Windows Server Troubleshooting - Logon

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Logon
FSMO
NTDSUtil
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RootDSE
Distinguished Name
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To troubleshoot logon problems, you need to understand all of the components involved in the logon. A successful logon requires access to all of the following servers

DNS server
A Domain Controller for your domain
A Kerberos Key Distribution Center
A Global Catalog server to resolve UPNs and universal group membership

Users logon with a UPN User Principal Name. The domain of the UPN need not match the user's object domain. In some cases, users may use an e-mail address as the UPN which does not match the user's object domain. The Global Catalog must be searched for a user object with the matching UPN to determine the logon domain, so that the logon can proceed.

Logon with UPN tyoung1234@hotmail.com Lookup UPN in AD to determine logon domain

If the domain logon fails, Windows may still allow access to the local computer. Windows caches the last few domain logon credentials. If the domain logon fails, Windows check the name/password combination against the cached credentials and allows local access if the credentials are OK. In this situation network resources are unavailable without authentication. 

For the logon to succeed, all group memberships must be determined. Universal Groups memberships are potentially the most difficult to resolve given that they can be created in any domain and have potential members from any domain. To resolve this difficulty, universal group membership is published in the Global Catalog. If a Global Catalog server is not available at logon, universal group membership cannot be determined. If no GC is available, administrators will logon without the authority of their universal group memberships. Other users will logon with cached credentials and will not have network access.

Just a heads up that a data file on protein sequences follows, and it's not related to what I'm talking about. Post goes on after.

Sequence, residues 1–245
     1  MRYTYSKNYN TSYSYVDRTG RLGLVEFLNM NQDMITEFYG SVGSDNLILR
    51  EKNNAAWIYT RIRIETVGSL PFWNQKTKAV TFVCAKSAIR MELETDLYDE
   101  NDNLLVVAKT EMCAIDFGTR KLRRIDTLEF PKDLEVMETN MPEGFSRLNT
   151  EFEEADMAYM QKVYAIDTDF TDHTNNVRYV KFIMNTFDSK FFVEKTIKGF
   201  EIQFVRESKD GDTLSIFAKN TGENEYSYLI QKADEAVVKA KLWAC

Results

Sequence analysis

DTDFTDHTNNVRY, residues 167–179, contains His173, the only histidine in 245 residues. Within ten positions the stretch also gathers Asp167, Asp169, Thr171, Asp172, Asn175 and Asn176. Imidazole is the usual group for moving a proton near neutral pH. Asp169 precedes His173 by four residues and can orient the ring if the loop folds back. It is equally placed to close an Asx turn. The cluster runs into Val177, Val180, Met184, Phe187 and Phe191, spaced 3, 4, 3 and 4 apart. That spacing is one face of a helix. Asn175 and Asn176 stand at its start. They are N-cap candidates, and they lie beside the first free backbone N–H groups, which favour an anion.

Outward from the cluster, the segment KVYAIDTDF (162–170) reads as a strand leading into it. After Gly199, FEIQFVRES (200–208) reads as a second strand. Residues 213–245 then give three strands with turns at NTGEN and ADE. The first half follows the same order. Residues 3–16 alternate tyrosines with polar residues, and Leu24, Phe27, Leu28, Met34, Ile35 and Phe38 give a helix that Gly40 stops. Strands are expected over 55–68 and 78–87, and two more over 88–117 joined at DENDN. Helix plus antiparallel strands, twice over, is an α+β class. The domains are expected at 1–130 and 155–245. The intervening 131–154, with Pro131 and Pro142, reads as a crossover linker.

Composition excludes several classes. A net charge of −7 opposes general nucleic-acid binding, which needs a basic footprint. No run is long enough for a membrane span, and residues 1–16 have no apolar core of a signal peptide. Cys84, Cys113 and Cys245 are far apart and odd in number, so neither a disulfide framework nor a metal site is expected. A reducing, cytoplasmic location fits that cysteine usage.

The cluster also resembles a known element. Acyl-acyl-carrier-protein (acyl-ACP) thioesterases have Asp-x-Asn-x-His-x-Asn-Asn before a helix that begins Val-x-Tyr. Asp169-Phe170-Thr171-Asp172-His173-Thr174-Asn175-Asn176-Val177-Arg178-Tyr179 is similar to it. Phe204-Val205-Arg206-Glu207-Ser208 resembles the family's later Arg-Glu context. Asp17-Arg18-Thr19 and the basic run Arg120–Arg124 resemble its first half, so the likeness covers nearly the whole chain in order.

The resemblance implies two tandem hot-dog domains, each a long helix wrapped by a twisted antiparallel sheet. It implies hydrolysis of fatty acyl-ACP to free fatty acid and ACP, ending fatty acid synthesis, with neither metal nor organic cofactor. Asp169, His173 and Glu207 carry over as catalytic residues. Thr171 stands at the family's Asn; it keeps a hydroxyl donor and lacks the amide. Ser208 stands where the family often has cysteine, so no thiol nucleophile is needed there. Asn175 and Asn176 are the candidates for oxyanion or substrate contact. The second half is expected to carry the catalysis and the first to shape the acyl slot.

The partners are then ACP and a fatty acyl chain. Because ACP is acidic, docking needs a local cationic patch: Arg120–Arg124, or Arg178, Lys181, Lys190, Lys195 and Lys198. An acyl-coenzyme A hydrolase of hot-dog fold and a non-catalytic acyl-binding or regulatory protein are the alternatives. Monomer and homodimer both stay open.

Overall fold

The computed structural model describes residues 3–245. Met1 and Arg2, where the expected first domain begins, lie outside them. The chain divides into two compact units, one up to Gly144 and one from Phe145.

Logon with UPN Domain Controller Global Catlog lookup for universal group membership

Kerberos Authentication

Kerberos is an authentication protocol developed at MIT in project Athena. Kerberos is known in mythology as the three-headed dog guardian of Hades. Microsoft has replaced the NTChaps protocol used in Windows NT with Kerberos which is the authentication protocol for the Active Directory. Kerberos authentication is managed by KDC Key Distribution Center servers. Windows Server Domain Controllers provide the KDC service.

Before connecting to a server, a client must obtain a session ticket from a KDC domain controller. The tick is only valid for sessions between that particular client and the particular server. Another ticket is required to connection to another server.

Ticket
 from KDC  
for session with server

Clients store the Kerberos tickets in a memory area known as the ticket cache. The Resource Kit utility KERBTRAY can display and purge the ticket cache.

See the Microsoft technical paper on Kerberos at  http://www.microsoft.com/windows2000/techinfo/howitworks/security/kerberos.asp